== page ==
U.S., Korea Extend Missile Talks
Sep. 12, 1999
BERLIN (AP) _ U.S. and North Korean negotiators extended talks on the communist nation's missile program Saturday, scheduling an unplanned sixth day of discussions.
``I'm satisfied, we have made some progress,'' North Korea's Vice Foreign Minister, Kim Gye Gwan, said after the latest session at the U.S. Embassy in Berlin. He gave no details.
Both sides agreed to continue the talks Sunday, he said. There was no comment from U.S. delegates.
The Clinton administration hopes to persuade North Korea to freeze its missile programs, seen as a threat to East Asia's military balance, by offering food aid and an easing of economic sanctions.
Amid fears the North plans a new missile test, President Clinton met with the leaders of Japan and South Korea on Sunday in Auckland, New Zealand, where they were gathered for an Asian-Pacific summit.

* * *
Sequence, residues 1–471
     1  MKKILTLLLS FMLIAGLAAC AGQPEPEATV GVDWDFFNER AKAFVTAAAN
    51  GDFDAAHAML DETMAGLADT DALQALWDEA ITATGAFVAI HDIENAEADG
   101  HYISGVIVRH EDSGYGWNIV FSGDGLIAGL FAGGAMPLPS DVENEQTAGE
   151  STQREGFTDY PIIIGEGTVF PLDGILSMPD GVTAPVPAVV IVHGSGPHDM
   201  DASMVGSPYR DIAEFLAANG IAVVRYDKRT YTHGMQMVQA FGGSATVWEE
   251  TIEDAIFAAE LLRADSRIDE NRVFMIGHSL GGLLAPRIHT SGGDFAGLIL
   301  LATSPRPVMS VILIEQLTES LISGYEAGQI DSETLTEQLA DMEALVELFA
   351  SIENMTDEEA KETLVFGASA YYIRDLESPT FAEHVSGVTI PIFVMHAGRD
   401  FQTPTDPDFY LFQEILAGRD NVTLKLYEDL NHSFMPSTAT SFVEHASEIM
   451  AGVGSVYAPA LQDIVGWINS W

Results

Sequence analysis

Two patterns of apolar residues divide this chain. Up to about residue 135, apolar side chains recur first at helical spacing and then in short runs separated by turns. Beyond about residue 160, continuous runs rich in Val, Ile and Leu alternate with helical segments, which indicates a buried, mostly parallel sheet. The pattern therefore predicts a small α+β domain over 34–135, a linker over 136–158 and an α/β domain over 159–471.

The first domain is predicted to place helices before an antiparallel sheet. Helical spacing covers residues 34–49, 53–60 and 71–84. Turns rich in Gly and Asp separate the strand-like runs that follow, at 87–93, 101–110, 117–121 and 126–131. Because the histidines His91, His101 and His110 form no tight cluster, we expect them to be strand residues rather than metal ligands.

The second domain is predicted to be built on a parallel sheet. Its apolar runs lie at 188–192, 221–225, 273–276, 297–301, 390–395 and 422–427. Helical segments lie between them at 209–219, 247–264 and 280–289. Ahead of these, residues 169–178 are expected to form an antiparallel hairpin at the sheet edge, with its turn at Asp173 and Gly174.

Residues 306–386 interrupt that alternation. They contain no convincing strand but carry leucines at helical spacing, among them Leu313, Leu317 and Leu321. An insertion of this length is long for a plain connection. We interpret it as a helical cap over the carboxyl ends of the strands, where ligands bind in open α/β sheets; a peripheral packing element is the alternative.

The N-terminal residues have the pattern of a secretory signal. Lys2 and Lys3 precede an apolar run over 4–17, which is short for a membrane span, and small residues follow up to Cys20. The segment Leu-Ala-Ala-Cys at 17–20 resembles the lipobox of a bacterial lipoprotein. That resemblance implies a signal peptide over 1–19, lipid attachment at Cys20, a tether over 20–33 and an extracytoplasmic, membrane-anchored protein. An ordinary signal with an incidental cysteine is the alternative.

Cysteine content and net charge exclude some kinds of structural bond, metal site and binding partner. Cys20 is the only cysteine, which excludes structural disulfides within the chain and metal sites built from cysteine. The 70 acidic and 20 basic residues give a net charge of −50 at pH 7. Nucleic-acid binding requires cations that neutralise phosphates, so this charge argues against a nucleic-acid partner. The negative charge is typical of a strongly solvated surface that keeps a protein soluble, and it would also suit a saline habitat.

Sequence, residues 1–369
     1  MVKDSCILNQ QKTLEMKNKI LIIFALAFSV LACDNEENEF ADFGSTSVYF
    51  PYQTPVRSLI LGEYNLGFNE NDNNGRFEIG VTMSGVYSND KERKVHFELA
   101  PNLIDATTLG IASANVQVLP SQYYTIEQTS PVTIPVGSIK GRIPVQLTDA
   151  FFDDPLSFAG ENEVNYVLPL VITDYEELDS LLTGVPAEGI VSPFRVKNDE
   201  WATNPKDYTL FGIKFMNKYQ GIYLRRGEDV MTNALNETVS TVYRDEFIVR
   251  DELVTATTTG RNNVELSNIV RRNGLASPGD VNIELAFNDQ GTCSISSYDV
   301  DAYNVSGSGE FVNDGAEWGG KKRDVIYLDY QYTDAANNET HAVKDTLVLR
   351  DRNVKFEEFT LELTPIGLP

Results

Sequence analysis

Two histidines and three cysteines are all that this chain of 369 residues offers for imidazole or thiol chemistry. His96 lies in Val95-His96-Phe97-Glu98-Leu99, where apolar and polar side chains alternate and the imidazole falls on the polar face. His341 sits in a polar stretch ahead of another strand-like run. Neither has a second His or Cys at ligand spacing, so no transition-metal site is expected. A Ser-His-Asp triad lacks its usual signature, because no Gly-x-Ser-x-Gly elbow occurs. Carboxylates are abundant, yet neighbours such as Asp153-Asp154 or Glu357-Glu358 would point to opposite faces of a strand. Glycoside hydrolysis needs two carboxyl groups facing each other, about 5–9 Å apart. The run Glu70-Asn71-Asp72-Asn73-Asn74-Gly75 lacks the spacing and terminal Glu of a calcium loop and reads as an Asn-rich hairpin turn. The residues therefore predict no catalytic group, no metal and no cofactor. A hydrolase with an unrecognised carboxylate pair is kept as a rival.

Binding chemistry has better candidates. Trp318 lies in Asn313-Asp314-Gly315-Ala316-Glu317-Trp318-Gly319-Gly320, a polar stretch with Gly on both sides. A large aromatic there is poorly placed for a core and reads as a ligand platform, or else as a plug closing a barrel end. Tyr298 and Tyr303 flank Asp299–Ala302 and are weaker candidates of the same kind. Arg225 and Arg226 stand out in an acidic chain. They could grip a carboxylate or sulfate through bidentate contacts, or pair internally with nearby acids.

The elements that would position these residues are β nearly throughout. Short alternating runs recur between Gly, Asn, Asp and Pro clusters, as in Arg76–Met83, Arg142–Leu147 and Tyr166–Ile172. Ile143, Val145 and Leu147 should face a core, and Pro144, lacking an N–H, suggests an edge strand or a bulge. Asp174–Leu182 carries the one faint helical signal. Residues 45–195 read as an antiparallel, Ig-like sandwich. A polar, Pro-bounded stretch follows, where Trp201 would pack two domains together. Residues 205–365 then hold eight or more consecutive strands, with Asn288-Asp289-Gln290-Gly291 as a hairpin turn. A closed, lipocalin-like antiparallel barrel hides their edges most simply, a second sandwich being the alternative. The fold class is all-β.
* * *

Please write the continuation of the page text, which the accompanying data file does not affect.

Clinton underlined to Japanese Prime Minister Keizo Obuchi and South Korean President Kim Dae-jung ``our common interest in stability and reconciliation on the Korean peninsula.''
Western military analysts believe North Korea plans to test an advanced model of a long-range missile it fired over Japan a year ago. The new missile is believed to be able to reach Alaska or Hawaii.
The United States, Japan and South Korea have warned that another launch could bring economic penalties against North Korea.
North Korea has been largely dependent on foreign aid to feed its people since 1995, when its agricultural industry failed after decades of mismanagement and years of bad weather.
The missile talks began in June in Beijing and continued Aug. 3-9 in Geneva.